Our hosts, Monique and Jean-Paul, had offered to meet us at the boat docks – later switched to the train station due to flooding on the Rhône. We easily spotted each other, and much to our delight, they proceeded to drive us – with a few sightseeing stops en route – to a 400-year old Provençal six-bedroom farmhouse, hidden away on a quiet country lane, and surrounded by vinyards and fruit trees. Our “couch” turned out to be a very comfortable bed in a second-story bedroom with ensuite, balcony overlooking the gardens, and kitchen facilities. The kitchen was
hardly needed as our hosts fed us delicious healthy home-cooked French cuisine three meals a day for our entire stay. In addition, they drove us to many area attractions – including some we’d never heard of, and certainly would never have visited but for their hospitality. What’s more, given their patience with our halting efforts, our French improved dramatically over just two days – although it never got anywhere near as good as their English.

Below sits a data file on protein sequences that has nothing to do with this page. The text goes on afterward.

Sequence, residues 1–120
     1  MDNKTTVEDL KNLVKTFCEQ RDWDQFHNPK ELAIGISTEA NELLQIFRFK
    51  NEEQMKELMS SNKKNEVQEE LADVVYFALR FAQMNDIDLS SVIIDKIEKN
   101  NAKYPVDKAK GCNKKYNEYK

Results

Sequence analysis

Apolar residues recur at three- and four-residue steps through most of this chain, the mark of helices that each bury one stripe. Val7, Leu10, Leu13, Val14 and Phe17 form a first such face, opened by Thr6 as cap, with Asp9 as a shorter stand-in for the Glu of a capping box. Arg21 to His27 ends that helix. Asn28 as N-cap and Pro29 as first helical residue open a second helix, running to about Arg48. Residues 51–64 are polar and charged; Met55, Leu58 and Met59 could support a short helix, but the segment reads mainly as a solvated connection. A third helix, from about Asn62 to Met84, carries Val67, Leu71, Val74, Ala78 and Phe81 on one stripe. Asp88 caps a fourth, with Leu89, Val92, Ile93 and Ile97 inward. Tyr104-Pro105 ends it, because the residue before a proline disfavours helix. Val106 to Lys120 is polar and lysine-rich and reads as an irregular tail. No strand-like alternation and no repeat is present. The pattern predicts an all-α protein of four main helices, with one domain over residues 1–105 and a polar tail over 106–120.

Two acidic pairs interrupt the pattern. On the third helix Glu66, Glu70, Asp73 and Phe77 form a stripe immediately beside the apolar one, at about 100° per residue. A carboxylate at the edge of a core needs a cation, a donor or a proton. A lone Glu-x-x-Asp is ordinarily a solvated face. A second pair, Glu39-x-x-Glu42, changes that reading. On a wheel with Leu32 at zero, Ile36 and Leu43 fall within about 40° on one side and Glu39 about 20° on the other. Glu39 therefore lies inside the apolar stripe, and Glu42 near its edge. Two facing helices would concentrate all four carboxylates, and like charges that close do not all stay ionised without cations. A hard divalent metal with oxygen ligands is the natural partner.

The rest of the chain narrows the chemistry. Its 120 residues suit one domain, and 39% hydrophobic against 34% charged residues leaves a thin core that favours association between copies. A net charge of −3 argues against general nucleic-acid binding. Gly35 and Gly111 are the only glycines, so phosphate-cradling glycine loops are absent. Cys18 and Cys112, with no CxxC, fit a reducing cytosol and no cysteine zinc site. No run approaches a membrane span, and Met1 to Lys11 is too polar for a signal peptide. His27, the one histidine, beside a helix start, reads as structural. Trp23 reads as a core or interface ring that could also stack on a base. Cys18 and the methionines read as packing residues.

Our visit to Avignon was a perfect example of the objectives of hospitality exchanges. We talked about many subjects over our two days, comparing French ways of doing things to those back home – not to mention all the other countries that each of us had visited. Like many Couchsurfers, our hosts were globetrotters, so we had the chance to live their adventures vicariously – as did they with ours.. And pick up some tips for the road. It was the most memorable two days of our entire trip. Couchsurfing will be high on our list for our next trip. We’d recommend it for yours.
If you still feel uncomfortable and are looking for ways to start gradually, there are some alternatives you might try. One is a much older hospitality exchange called Servas.
Servas has been around since just after World War II. In many ways, it’s similar to Couchsurfing, but “older”. Servas chapters operate independently in each country, and maintain paper lists of hosts. Only gradually and tentatively are they experimenting with Internet directories. Travelers must supply two letters of reference and be interviewed by a local Servas volunteer before receiving their official “letter of introduction” and the directory of hosts for their target countries. In our experience, the average age of Servas hosts is older, perhaps even in the 50+ range. The Servas accommodation we’ve seen has generally been at least a spare bedroom, if not more.